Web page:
The Washington Post

(Photo illustration by Glen Wexler)

Once upon a time, Christmas was just another day, and so were Valentine’s Day, Easter, Mother’s Day and Father’s Day. In celebrating these days now, and the more personal ones — the birthdays of Lois and their two children, their wedding anniversary, the day the family adopted a three-legged King Charles spaniel — Feng Chen found satisfaction in buying and giving: cards, flowers, cakes, chocolate, presents, dinners. These things, he knew, did not bring happiness, but like other everyday necessities, they provided a solid base for normalcy, without which his family, he suspected, would look askance at him, asking who he was, and why he was there.

Middle-age, contentedly married and moderately successful, he prided himself in his ability to make the optimal, rather than the right, decisions in the arenas of both his professional and personal lives. That he was sitting here at the bar of a boutique hotel in Beijing rather than in the den of his Connecticut house, watching two women decorating a Christmas tree with crystals sponsored by a jewelry retailer rather than listening to Eric practice the saxophone for the winter concert or watching Luke write fat letters on the homemade holiday cards for his teachers — this in itself was a strategic decision.

Eric would be disappointed, Lois had reminded Feng when he called her about the postponed return.

Yes, he knew, Feng said, but what if he could reconnect with this cousin who had businesses in Beijing and Shanghai, and in a year or two perhaps Eric could spend a summer as an intern here? Think how it would look on his college application, Feng said, and knew that Lois, sighing aside, was already agreeing with him.

Yumi Lin had booked the hotel room even though she had three places in Beijing, a flat in the CBD and two villas in the less-polluted countryside. A hotel provided her a position of both advance and retreat. Meeting Feng on her terms was how she wanted things to go between them now.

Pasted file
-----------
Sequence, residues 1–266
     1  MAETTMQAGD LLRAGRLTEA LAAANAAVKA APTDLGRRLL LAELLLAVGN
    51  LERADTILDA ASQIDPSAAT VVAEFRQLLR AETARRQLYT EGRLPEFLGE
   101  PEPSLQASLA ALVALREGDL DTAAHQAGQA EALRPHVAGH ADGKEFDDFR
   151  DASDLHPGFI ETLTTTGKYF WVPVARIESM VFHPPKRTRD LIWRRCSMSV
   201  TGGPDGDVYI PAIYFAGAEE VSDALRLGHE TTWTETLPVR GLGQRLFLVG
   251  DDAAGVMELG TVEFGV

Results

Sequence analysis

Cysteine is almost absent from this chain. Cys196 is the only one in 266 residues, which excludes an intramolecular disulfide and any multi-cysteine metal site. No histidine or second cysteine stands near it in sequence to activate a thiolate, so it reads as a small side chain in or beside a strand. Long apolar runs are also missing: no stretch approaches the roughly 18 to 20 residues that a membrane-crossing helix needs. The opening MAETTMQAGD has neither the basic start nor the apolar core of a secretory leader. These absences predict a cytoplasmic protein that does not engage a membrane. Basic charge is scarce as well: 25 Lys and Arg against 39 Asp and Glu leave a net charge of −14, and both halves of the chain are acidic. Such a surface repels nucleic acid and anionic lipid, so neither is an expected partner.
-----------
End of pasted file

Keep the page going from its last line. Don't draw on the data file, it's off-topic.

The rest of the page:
They were not related by blood: After her father’s death, her mother had married Feng’s uncle. The two families lived in the same alleyway, and when she transferred to his school, he was her protector and best friend. They were 12½ then, and that they were not real cousins had been on both their minds when, for the next five years, they shared a secret dream of marrying each other.

The outside world offered little in teaching them about love. His parents owned a television set, its antenna made of tinfoil good enough to receive the two local channels. On Saturday nights, they were allowed to watch the programs until a good-bye message came on at 11 o’clock, followed by flickering black and white static signals. If a man and a woman kissed on screen — often in a movie or a television drama imported from America or other countries you would see such a shot — a grown-up would cough in the room, and he and she would both turn their eyes away from the screen, not looking at each other yet feeling the secret of their closeness. They had no more than held hands a few times, but starved love, like a plant that had mis-rooted in the crack of two rocks, could nevertheless prosper and blossom.